Tuesday, March 11, 2014

Review of The Safe Word by Karen Long (Createspace, 2014)

Detective Inspector Eleanor Raven has a dark secret that she’d like to keep hidden from her colleagues - sadomasochist sex with anonymous men.  However, when women of a similar disposition start to be killed by a murderer with an artistic bent in her home city of Toronto, her personal and work life become entwined.  Under pressure to catch the killer, Raven and her misfit team struggle to identify the killer and bring him to justice.  And unknown to Raven, she is a lot closer to the case than she realises.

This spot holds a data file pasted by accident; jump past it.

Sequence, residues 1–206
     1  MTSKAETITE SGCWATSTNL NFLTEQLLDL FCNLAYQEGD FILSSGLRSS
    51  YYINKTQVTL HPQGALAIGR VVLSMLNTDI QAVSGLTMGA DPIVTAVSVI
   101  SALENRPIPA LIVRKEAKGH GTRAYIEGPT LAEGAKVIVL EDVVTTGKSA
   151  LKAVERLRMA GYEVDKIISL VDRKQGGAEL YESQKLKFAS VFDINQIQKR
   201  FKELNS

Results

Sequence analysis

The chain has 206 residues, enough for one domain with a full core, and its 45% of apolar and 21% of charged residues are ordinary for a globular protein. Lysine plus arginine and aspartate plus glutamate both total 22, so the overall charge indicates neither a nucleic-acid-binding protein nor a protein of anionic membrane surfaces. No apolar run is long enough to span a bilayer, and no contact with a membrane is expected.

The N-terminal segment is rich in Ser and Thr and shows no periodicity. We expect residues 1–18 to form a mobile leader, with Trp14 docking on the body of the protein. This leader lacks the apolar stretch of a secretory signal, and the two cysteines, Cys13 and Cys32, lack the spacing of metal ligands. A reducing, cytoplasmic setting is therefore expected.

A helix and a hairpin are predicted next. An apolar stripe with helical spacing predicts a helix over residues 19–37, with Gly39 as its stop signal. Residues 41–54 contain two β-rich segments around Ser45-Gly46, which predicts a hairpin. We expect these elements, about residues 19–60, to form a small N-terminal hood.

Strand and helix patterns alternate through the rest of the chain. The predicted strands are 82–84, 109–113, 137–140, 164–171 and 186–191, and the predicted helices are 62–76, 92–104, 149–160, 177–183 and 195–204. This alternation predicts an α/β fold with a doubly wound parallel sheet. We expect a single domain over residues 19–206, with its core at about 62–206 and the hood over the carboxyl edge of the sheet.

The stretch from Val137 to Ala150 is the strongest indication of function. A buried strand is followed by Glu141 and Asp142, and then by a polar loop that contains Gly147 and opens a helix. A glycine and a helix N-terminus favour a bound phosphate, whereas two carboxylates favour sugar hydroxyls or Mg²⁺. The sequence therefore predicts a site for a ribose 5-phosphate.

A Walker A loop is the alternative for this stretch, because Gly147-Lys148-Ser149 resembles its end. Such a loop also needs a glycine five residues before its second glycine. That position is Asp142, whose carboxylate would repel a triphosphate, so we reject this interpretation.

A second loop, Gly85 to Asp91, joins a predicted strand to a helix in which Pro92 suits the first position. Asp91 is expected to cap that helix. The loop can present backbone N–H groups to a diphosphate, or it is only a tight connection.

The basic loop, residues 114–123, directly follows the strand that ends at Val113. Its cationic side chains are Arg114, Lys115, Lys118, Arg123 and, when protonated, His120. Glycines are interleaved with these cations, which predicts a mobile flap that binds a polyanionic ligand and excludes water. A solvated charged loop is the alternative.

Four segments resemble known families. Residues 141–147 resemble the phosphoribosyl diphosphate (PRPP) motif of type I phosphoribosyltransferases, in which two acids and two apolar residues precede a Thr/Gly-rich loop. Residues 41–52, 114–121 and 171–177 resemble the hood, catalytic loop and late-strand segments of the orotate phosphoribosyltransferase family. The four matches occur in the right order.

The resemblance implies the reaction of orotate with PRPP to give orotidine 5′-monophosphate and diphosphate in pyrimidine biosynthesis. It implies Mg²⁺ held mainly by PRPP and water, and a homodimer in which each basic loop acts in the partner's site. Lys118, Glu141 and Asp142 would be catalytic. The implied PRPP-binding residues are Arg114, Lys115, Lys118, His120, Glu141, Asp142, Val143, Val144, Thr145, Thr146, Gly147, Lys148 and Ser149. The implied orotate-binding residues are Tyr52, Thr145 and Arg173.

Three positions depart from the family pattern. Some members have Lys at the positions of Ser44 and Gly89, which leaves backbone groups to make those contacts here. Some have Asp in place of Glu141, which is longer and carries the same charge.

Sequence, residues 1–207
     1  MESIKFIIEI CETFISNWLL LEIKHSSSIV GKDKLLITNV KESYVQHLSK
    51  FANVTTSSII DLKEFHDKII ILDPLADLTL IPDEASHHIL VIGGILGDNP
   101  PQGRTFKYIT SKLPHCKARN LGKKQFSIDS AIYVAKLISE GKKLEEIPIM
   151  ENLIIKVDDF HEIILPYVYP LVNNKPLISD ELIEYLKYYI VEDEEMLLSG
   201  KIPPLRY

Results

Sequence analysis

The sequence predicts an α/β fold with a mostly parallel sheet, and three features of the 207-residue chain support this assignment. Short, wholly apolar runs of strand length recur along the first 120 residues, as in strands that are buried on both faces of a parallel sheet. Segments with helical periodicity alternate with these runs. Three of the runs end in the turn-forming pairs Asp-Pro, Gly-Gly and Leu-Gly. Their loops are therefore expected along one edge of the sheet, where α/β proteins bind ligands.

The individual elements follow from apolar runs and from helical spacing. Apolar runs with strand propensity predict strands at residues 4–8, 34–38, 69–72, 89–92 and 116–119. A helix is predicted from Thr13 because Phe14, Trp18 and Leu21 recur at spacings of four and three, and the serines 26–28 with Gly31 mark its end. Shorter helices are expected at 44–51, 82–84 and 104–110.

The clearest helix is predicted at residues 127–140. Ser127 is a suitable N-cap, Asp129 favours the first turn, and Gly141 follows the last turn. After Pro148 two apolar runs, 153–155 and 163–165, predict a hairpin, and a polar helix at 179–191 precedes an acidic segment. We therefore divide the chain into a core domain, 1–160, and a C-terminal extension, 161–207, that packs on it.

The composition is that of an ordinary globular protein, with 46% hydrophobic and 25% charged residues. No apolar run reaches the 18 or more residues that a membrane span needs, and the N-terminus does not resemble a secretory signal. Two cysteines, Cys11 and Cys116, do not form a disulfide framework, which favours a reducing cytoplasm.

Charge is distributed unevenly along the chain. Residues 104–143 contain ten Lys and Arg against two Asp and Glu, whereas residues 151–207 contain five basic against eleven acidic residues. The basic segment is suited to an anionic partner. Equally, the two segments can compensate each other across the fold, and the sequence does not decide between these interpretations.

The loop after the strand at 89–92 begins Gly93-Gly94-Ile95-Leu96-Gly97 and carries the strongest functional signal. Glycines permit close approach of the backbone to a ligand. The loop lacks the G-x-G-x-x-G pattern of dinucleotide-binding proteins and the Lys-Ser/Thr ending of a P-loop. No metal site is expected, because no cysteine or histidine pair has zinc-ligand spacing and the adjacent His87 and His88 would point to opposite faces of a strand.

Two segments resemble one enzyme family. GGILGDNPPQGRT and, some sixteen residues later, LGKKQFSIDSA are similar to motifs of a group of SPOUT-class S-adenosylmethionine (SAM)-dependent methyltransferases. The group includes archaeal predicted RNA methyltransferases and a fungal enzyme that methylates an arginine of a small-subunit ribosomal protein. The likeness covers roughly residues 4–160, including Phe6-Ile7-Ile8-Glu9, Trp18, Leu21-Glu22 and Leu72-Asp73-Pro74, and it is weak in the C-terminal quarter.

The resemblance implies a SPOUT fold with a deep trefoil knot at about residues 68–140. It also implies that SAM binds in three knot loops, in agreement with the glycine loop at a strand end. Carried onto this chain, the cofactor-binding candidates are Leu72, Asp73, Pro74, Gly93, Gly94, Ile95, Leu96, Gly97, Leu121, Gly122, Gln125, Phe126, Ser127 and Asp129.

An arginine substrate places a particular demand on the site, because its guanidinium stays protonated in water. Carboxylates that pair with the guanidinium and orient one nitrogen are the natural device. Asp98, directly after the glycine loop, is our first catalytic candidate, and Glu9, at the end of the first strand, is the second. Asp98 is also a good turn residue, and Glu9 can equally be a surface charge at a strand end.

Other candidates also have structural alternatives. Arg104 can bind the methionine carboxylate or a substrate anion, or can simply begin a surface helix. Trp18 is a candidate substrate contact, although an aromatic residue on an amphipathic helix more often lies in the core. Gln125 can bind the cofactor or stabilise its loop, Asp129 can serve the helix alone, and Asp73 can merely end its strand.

The Safe Word is a reasonably competent, run-of-the-mill serial killer police procedural set in Toronto.  The story is engaging enough, but the premise is a little tired given the spree of such novels in recent years, and relies on a few too many plot devices to help the investigation along.  The ending is somewhat telegraphed and there are some unanswered questions with respect to the case and characters.  Eleanor Raven is a bit of a cold fish and there is little in the way of fleshing out her back story or development of her character.  Moreover, the sense of place is a little lacking; the story could have been happening anywhere.  The strength of the novel is the team around Raven, who provide an interesting ensemble cast that add life and realism to the plot through some nice interchanges.  Overall, an okay debut, with a set of characters that have the potential to populate a decent series.

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